Rampant judicial activism

Via Slate by Dahlia Lithwick and Mark Joseph Stern:

The Clarence Thomas takeover

But Thomas is more than just the Trump administration’s philosophical hero. His once-fringy ideas are suddenly flourishing—not only on the high court, through his alliance with Gorsuch, but also in the executive branch.

Everywhere you turn in Trumpland, you’ll find a slew of Thomas’ former clerks in high places. They are serving in the White House counsel’s office(Greg Katsas, John Eisenberg, David Morrell); awaiting appointment to the federal judiciary (Allison H. Eid, David Stras); leading the departments of the Treasury (Heath P. Tarbert, Sigal Mandelker) and Transportation (Steven G. Bradbury); defending the travel ban in court (Jeffrey Wall); and heading the White House Office of Information and Regulatory Affairs (Neomi Rao). Thomas clerks are also working with dark money groups to execute Trump’s agenda (Carrie Severino) and boosting him in the far-right media (Laura Ingraham).

At the precise moment in which the more than 120 vacancieson the federal courts may be the only reason for conservatives to hold their noses and stand by Trump, it’s Clarence Thomas who stands as a living embodiment of wars already won and triumphs yet to come.

Via Buzzflash by Mark Karlin:


Under the Radar, Trump Is Packing the Federal Judiciary With Right-Wingers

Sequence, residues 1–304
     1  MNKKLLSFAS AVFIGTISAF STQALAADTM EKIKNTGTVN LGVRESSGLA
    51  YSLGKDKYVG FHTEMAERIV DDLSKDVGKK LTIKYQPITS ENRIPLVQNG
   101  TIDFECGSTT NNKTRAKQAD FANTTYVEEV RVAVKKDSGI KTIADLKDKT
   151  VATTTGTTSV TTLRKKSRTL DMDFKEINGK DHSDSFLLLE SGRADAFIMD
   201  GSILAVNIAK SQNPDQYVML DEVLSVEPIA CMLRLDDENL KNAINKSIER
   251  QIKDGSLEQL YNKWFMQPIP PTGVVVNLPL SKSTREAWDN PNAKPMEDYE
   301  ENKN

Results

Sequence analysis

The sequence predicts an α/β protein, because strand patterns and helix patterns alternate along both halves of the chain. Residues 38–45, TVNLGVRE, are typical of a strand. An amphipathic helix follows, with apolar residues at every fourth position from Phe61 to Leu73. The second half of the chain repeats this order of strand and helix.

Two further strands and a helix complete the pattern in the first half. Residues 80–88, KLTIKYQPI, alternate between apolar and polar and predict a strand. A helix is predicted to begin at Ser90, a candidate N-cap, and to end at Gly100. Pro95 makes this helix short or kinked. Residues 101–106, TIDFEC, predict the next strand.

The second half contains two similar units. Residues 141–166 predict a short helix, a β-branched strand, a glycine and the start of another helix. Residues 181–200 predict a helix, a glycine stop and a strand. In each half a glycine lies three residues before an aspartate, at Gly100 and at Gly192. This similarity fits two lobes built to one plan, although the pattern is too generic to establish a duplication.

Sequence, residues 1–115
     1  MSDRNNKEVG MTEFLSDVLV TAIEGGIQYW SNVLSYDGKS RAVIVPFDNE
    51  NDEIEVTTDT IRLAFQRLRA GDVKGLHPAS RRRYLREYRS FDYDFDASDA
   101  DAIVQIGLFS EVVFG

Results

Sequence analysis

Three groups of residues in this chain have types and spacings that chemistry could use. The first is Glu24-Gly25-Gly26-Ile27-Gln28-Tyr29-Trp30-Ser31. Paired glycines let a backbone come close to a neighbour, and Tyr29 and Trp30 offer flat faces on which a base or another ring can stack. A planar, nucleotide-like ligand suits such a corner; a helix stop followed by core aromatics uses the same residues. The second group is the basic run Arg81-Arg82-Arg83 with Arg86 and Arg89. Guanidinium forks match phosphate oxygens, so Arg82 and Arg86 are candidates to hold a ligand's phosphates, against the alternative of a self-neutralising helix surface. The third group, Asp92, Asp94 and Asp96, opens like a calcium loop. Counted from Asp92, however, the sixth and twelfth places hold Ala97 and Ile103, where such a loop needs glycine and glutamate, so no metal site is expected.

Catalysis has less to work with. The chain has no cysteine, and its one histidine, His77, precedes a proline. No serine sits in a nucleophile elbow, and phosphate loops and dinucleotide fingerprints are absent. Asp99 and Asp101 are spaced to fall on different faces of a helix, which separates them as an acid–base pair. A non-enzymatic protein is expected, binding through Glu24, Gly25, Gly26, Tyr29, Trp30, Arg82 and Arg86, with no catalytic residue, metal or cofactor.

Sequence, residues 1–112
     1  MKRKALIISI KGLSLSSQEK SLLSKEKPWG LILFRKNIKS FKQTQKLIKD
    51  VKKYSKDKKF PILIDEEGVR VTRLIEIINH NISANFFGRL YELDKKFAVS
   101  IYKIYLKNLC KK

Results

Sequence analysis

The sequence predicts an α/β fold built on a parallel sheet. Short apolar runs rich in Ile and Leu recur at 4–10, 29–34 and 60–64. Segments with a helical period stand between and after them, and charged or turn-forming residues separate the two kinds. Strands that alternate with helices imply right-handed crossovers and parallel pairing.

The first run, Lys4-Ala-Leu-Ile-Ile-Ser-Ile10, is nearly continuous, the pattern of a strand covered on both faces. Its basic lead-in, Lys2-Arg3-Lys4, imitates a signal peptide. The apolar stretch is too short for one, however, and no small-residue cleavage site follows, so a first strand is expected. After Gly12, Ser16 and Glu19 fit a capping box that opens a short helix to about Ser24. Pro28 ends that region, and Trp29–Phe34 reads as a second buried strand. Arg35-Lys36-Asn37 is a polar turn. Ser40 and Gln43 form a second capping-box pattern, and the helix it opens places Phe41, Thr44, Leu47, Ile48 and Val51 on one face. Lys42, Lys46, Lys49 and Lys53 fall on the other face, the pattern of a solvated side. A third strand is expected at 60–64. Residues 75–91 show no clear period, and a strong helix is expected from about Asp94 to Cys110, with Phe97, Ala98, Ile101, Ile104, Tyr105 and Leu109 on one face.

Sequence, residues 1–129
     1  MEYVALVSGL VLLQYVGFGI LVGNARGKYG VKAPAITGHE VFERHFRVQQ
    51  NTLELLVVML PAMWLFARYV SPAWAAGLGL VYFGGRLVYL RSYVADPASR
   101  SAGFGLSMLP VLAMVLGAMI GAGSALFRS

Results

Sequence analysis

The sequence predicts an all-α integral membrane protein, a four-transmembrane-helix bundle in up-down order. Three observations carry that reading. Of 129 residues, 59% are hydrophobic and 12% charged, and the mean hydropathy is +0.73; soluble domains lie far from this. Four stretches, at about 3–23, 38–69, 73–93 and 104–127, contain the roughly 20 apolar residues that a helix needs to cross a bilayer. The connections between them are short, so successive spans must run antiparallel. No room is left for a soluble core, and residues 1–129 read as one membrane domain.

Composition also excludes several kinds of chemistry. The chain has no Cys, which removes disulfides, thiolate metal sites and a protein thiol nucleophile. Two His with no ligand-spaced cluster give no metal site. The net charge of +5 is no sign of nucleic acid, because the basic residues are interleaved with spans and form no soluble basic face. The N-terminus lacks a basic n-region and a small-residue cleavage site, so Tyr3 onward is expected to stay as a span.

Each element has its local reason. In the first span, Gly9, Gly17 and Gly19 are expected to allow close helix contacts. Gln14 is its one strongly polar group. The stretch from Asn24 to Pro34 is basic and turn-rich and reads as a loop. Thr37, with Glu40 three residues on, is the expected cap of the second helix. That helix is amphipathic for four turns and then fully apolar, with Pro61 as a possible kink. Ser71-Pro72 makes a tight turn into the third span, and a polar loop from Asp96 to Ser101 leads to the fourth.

Over the past few decades, Republicans have demonstrated that they understand the long-term implications of creating an activist federal judiciary and using every trick in the book and sheer power plays to confirm right-wing nominees. Meanwhile, the Democrats appear to generally be content to play by the Senate rules and not put a full-court press on getting Democratic presidential nominees placed on the various levels of the federal bench. In this sense, Gorsuch is just the tip of the pyramid. Progressives are mostly ignoring all the federal judges confirmed by the GOP at other levels — to great peril.

Jeffrey Toobin, legal analyst for The New Yorker, wrote yesterday of the GOP’s high-intensity push to get its federal appointees seated — as compared to the Democratic senators when they are responsible for federal court nominees:

Trump has also benefited from the greater interest that conservatives, as compared with liberals, have shown in federal judicial appointments at all levels. Republicans simply care more than Democrats do about getting their people on to the bench. Illustrating the varying priorities of the two parties, Allan Smith, of Business Insider, compared the first six months of judicial appointments under Obama and Trump. Smith found that, in this period, Trump nominated eighteen people for district-judgeship vacancies, and fourteen for circuit courts and the Court of Federal Claims. During that same period in Obama’s first term, he nominated just four district judges and five appeals-court judges. In total, when U.S. Attorneys are included, Trump nominated fifty-five people, and Obama just twenty-two. Obama’s attention was, undoubtedly, distracted by a global economic implosion in 2009, but his party had a greater majority in the Senate than Trump’s does now, and still Obama failed to push through more than a handful of judges in that period.

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